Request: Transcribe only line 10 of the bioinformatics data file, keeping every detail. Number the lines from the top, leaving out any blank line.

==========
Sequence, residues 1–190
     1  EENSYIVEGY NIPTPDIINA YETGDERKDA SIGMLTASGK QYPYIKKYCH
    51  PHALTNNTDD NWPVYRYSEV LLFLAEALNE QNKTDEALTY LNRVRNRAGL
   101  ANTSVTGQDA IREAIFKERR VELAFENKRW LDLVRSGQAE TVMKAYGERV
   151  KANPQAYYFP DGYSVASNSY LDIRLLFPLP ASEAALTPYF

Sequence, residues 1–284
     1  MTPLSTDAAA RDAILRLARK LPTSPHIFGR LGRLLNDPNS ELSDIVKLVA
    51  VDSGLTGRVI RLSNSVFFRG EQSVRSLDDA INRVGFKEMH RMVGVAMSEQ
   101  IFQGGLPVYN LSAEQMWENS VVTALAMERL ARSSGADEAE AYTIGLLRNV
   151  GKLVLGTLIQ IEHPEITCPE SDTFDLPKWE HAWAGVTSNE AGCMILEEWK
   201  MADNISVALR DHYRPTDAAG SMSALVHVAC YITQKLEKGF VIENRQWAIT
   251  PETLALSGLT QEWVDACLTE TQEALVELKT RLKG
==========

   151  GKLVLGTLIQ IEHPEITCPE SDTFDLPKWE HAWAGVTSNE AGCMILEEWK